In the Garden:
Aloe at the Desert Botanical Garden grow in filtered light beneath a tree canopy.
Well-Suited Plants and Places
Many aloe species are blooming now in the low desert, and I was enjoying the collection at the Desert Botanical Garden in Phoenix the other day. There were all sizes and shapes, such as the tall tree-like aloe (Aloe dichotoma) with creamy mottled bark that adds such interesting texture in a garden, to the very low-growing and clumping short-leaf aloe (A. brevifolia) with its bluish tones that give a cooling effect.
While soaking in the beauty of the individual plants and flower stalks, I couldn't help but note how well-suited the picturesque setting was. Most of the plants are situated beneath the protective canopy of a tree. Aloes typically perform best in filtered sunlight, such as that provided by a tree's canopy. This is a good example of placing plants where they need to be to thrive, rather than forcing them to grow in conditions not to their liking.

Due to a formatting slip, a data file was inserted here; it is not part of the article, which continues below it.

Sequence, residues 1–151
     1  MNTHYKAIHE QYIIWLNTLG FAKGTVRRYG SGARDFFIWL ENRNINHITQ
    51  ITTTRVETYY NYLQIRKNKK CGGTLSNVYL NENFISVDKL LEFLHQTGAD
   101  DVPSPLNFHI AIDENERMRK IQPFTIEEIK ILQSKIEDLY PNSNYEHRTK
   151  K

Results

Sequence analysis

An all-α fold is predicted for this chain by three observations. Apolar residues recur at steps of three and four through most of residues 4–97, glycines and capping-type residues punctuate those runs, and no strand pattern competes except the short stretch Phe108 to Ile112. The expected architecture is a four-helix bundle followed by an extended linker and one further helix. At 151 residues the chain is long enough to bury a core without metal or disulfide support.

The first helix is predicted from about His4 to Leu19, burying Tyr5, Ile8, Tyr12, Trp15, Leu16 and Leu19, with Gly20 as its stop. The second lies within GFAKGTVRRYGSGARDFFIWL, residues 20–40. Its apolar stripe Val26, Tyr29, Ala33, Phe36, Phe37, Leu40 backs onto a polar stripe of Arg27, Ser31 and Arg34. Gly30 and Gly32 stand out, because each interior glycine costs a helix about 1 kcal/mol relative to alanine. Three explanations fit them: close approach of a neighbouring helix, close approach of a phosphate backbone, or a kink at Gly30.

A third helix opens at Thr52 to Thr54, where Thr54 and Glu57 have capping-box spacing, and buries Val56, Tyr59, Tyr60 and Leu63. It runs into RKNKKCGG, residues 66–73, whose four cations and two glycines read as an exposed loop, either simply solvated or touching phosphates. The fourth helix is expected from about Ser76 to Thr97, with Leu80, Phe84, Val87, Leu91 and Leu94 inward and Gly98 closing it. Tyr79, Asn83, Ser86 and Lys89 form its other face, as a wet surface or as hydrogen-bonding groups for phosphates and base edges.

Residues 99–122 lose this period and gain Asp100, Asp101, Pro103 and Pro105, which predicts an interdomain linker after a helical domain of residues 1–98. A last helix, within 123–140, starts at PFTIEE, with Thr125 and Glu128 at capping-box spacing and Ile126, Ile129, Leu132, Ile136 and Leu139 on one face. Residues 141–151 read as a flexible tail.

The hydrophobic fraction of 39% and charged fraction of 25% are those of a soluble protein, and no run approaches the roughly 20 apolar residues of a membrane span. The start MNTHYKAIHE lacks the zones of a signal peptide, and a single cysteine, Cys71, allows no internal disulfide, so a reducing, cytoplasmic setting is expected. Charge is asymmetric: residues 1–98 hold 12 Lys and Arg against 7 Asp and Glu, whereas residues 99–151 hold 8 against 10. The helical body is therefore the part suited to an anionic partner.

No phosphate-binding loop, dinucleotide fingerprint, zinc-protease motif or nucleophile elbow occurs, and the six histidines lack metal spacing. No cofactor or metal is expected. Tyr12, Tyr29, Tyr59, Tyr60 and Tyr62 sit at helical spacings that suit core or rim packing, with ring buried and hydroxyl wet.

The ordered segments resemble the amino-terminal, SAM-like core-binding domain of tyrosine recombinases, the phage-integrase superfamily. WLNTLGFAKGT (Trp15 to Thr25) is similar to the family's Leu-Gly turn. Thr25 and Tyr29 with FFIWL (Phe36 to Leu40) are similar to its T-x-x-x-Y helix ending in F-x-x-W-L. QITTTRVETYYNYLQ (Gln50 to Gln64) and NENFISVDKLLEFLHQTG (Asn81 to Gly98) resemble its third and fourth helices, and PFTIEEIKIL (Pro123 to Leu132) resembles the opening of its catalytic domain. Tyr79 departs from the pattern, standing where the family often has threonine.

Know Your Garden's Limitations
Before heading off to buy new plants, it's a good idea to take a careful look around your landscape. Make note of the sun exposure in different locations. Does that differ through the seasons because of the changing angle of the sun or a deciduous tree's leaf drop? A plant that needs filtered light may burn in full sun, and a sun lover may be stressed and appear yellow and spindly in the shade.
Consider also the space available in your landscape and what shape and size plants best suit it. If you have a narrow area, choose a narrow, columnar tree, such as shoestring acacia, rather than a wide, multi-branching species such as palo verde. Is there sufficient space for the plant to grow to its mature size? Many desert shrubs, such as Senna and Leucophyllum species, easily spread 4 to 6 feet. Pruning to keep them in bounds eliminates the beauty of their natural branching shape and reduces flowering.
A New Addition to My Collection
I have several healthy aloes in my garden so when some at the Botanical Garden caught my eye, I knew I had the right conditions for them. One unusual one was especially tempting, A. sinkatana. Its leaves are similar to other aloe species I grow, so I may not have noticed it if not for the flowers. They are about 2 inches tall and wide, orange on top, fading to yellow on the bottom as they age. For some reason, they reminded me of whimsical ladies' hats. I made note of the name and checked the plant shop on my way out. Eureka! They actually had 1-gallons for sale, so I bought one and headed home to add it to my aloe garden. Instant gratification!
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